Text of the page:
Some students are headed back to school for in-person learning, now that the regional stay-at-home order has been lifted, but not all schools are eligible to do so, under state guidelines.
Some parents and students say that's not fair.
Landon Miller, an eighth-grader in the Carlsbad Unified School District, is still doing distance learning. His brother, who is in elementary school in the same district, was back in school last semester two days a week. As of Monday, his little brother is back in school full time.
“I haven’t been able to go to school for a year, and he's been able to see his friends two days a week,” Landon said on Tuesday.
The reason that happened: Carlsbad Unified opened elementary schools while the county was in the red tier, so under state guidelines, it was permitted to expand in-person instruction despite the fact that the county then moved back to the purple tier. High schools and middle schools, though, did not open under the red tier, so they can not re-open now.
“If we decide it’s safe -- that if schools are allowed to be open in the purple tier -- [then] all schools should be able to reopen in the purple tier,” said parent Scott Davison who is with Families for Opening Carlsbad Schools. "They're forcing schools to be closed for some arbitrary reason we don't understand."
The San Diego County office of education does not issue the guidelines or enforce them, but Coordinator of Special Projects Bob Mueller explained the state’s rationale based on what the California Department of Public Health is saying.
“When schools open when transmission rates are low, they have an opportunity to learn how to cope with prevention with little risk….When we’re in the purple tier, and particularly now when we’re in the peak of the surge, the risk is superhigh, so now is not a good time for schools to learn how to do this well,” Mueller said.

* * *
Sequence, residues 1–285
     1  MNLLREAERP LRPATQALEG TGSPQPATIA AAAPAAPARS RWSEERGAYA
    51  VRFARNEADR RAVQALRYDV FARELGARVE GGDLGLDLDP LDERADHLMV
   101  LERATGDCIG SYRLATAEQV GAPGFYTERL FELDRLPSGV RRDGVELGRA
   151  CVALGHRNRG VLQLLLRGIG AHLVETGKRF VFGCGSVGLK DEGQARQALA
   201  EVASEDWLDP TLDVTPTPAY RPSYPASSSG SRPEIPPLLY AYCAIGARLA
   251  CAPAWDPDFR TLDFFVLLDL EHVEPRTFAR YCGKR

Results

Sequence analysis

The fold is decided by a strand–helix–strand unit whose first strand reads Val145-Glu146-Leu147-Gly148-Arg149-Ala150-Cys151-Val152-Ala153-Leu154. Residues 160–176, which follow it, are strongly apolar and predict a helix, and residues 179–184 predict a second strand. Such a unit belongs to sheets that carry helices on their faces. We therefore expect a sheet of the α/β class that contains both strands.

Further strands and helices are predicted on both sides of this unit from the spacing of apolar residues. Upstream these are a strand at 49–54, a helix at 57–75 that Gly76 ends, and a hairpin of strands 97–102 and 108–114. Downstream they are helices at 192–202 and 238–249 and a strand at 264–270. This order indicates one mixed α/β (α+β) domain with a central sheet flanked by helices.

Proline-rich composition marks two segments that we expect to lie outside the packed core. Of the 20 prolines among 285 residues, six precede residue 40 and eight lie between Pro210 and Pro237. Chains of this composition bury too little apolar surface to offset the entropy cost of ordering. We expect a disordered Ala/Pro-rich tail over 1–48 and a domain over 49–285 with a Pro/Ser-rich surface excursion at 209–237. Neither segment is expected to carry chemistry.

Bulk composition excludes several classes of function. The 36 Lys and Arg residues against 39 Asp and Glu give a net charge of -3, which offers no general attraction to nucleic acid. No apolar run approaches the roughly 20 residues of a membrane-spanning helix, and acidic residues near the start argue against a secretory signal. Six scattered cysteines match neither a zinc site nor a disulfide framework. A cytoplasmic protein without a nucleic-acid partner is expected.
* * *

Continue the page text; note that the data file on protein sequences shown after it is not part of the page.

Davison, though, feels that the application is arbitrary.
“We think our plans are even safer than some of these other schools that have been open for months, and we should be allowed to have the same opportunity to reopen,” Davison said.
While many parents agree with the state that it's too dangerous to open now under the purple tier and while cases are surging, the fairness question persists.
Carlsbad superintendent of schools Ben Churchill texted NBC7 that “It’s confounding that, with identical measures in place at our elementary and secondary schools, we are now only allowed by [the county department of public health] to open elementary," adding that “while it is frustrating, we understand and expect there will continue to be new information and directives as the COVID-19 situation continues to evolve. We’ll do our best to be flexible and responsive to new information as we receive it and will continue to comply with all state and local public health requirements.”
Carlsbad Unified is not the only local school system in this situation. Districts in San Marcos, Oceanside, San Dieguito Union and San Diego Unified are among those that did not re-open while in the red tier and so must wait until the county gets out of purple tier to open.